Here’s a thinker, who in the 1960s, declared climate change as a defining problem of the age. Who accused his fellow environmentalists of advocating mere “technical fixes” of capitalism, instead of addressing root causes. But today, his ideas are enjoying an unexpected revival. Damian White pays tribute to Murray Bookchin, who died on this day in 2006.
The determinant element in the concept of eco-socialism is the prefix eco. And that means the rejection of industrialism. A good socialist only needs to rejects capitalism. But to be an eco-socialist one must also reject industrialism as a future perspective for mankind, and agree to a program of de-industrialization (now often clumsily called de-growth).
This is a weekend Orientation Camp organised by the Ecologise Network. It is a part of a programme through which those living in cities can explore living in an ecologically more sensitive and sustainable manner. The camp also aims to expose participants to the current world crisis of global warming, resource depletion and growing inequality.
On the occasion of Buddha Poornima, Ecologise presents an exclusive essay co-authored by Nyla Coelho & M.G. Jackson, calling for a fundamental transformation of our perceptions of reality, and a befitting code of conduct to govern our relations with one another and with every other entity on earth; a planetary imperative in need of assertion.
Jeremy Lent writes: We’re going to be hearing a lot about grand solutions to our climate emergency in the coming years. There’s no shortage of proposals for how to do this. We need a way to distinguish authentic pathways to a sustainable civilization from false solutions. I suggest three ways to consider any such proposal.
Editor’s Note: Last week, Ecologise carried the well-known Marxist scholar John Bellamy Foster’s foreword to a new book, Facing the Anthropocene. In response, noted eco-socialist writer Saral Sarkar posted a comment questioning the usefulness of Marxist analysis in understanding the global ecological crisis. This short piece, first published on Ecologise, is Foster’s reply to Sarkar.
John Bellamy Foster writes in the foreword: It’s capitalism and the alienated global environment it has produced that constitutes our “burning house” today. Mainstream environmentalists have generally chosen to do little more than contemplate it, while flames lick the roof and the entire structure threatens to collapse around them. The point, rather, is to change it.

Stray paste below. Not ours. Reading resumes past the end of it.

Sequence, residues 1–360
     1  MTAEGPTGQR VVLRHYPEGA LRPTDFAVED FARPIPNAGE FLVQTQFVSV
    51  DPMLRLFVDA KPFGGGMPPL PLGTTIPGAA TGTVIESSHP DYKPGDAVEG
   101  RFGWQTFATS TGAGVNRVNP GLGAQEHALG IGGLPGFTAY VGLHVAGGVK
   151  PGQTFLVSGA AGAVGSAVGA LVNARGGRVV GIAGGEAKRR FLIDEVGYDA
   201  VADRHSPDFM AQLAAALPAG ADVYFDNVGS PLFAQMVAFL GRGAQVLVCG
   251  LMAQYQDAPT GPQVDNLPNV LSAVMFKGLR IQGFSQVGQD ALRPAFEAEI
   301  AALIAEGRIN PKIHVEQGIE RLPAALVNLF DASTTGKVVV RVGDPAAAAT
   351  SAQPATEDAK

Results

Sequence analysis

We scientists, each one of us, should ask ourselves what the agricultural establishment needs to do in order effectively to address our current agricultural crisis. Given our present mechanistic scientific paradigm, we are part of the problem, and thus cannot, be part of its solution. Our first task, therefore, is to change our outlook fundamentally.
The worldview that informs contemporary global culture was conceived during the European ‘Enlightenment’ of the 17th century. Its shortcomings have become increasingly evident today, and they are beginning to be seen as the root cause of the many seemingly intractable global problems that confront us today. This essay presents an overview of an alternative worldview.
Giorgos Kallis writes: Degrowth is a frontal attack on the ideology of economic growth. No Left party might dare to openly question growth, but I find it hard to see how in the long-term they can avoid it. Growth is not only ecologically unsustainable but, as economists like Piketty admit, increasingly unlikely, especially for advanced economies.
Australian educator, author and co-inventor of Permaculture, Bruce Charles ‘Bill’ Mollison, died on the 24 September 2016. He has been praised across the world for his visionary work, and left behind a global network of ‘peaceful warriors’ in over 100 countries working tirelessly to fulfill his ambition to build harmony between humanity and Mother Earth.
Samuel Alexander writes: ‘Wild democracy’ is a new political orientation, sensibility, and practice. A localised politics with a global perspective, positioning itself ‘in the wild’ beyond the state and yet, at times, pragmatically engaged with it. In short, wild democracy is a revolutionary politics without a Revolution, as such–a paradox I will unpack and defend.
Gaurav Sangwani writes: Permaculture tries to utilise the existing elements in the land to take human freedom further, with a far lower ecological effect. Primitivism is the perennial belief in the need to go back to where we started, the lost Golden Age of freedom and guiltlessness which is at the heart of all the world’s religions.
Ted Trainer writes: Following is an outline of the case, firstly that present ways are grossly unsustainable and secondly that the solution must involve far lower rates of production and consumption and GDP, frugal and self-sufficient lifestyles in small, localized, and largely self-governing communities, in a zero-growth economy which is not driven by market forces.
Dan Palmer writes: Christopher Alexander is a radical architect and writer respected by permaculture practitioners. According to him, a whole is created by putting together parts. The parts come first: and the form of the whole comes second, but “it is impossible to form anything which has the character of nature by adding preformed parts.”